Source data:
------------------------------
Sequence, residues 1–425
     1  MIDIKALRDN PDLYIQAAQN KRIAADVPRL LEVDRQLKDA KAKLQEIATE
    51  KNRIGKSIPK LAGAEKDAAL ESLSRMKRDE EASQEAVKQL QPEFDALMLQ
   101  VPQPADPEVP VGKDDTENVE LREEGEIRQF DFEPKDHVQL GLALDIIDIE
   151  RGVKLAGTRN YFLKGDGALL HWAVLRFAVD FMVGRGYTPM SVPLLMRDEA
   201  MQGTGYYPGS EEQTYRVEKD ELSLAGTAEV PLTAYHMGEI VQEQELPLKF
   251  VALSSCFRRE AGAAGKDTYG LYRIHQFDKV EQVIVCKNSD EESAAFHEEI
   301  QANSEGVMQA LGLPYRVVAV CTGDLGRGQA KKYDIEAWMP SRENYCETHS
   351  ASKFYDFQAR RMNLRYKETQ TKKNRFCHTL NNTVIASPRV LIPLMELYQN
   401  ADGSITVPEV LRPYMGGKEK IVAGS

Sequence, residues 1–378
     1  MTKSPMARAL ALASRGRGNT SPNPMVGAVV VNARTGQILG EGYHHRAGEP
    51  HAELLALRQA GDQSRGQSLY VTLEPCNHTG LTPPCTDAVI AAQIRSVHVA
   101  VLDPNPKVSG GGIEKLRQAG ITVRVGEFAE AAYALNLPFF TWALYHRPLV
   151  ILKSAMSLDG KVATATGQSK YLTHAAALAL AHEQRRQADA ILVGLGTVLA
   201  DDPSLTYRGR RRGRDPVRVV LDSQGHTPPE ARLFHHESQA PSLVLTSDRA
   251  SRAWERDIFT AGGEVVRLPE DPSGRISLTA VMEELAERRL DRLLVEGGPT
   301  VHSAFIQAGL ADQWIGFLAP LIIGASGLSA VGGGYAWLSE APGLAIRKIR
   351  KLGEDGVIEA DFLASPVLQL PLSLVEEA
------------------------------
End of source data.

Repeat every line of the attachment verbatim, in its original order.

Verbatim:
Sequence, residues 1–425
     1  MIDIKALRDN PDLYIQAAQN KRIAADVPRL LEVDRQLKDA KAKLQEIATE
    51  KNRIGKSIPK LAGAEKDAAL ESLSRMKRDE EASQEAVKQL QPEFDALMLQ
   101  VPQPADPEVP VGKDDTENVE LREEGEIRQF DFEPKDHVQL GLALDIIDIE
   151  RGVKLAGTRN YFLKGDGALL HWAVLRFAVD FMVGRGYTPM SVPLLMRDEA
   201  MQGTGYYPGS EEQTYRVEKD ELSLAGTAEV PLTAYHMGEI VQEQELPLKF
   251  VALSSCFRRE AGAAGKDTYG LYRIHQFDKV EQVIVCKNSD EESAAFHEEI
   301  QANSEGVMQA LGLPYRVVAV CTGDLGRGQA KKYDIEAWMP SRENYCETHS
   351  ASKFYDFQAR RMNLRYKETQ TKKNRFCHTL NNTVIASPRV LIPLMELYQN
   401  ADGSITVPEV LRPYMGGKEK IVAGS

Sequence, residues 1–378
     1  MTKSPMARAL ALASRGRGNT SPNPMVGAVV VNARTGQILG EGYHHRAGEP
    51  HAELLALRQA GDQSRGQSLY VTLEPCNHTG LTPPCTDAVI AAQIRSVHVA
   101  VLDPNPKVSG GGIEKLRQAG ITVRVGEFAE AAYALNLPFF TWALYHRPLV
   151  ILKSAMSLDG KVATATGQSK YLTHAAALAL AHEQRRQADA ILVGLGTVLA
   201  DDPSLTYRGR RRGRDPVRVV LDSQGHTPPE ARLFHHESQA PSLVLTSDRA
   251  SRAWERDIFT AGGEVVRLPE DPSGRISLTA VMEELAERRL DRLLVEGGPT
   301  VHSAFIQAGL ADQWIGFLAP LIIGASGLSA VGGGYAWLSE APGLAIRKIR
   351  KLGEDGVIEA DFLASPVLQL PLSLVEEA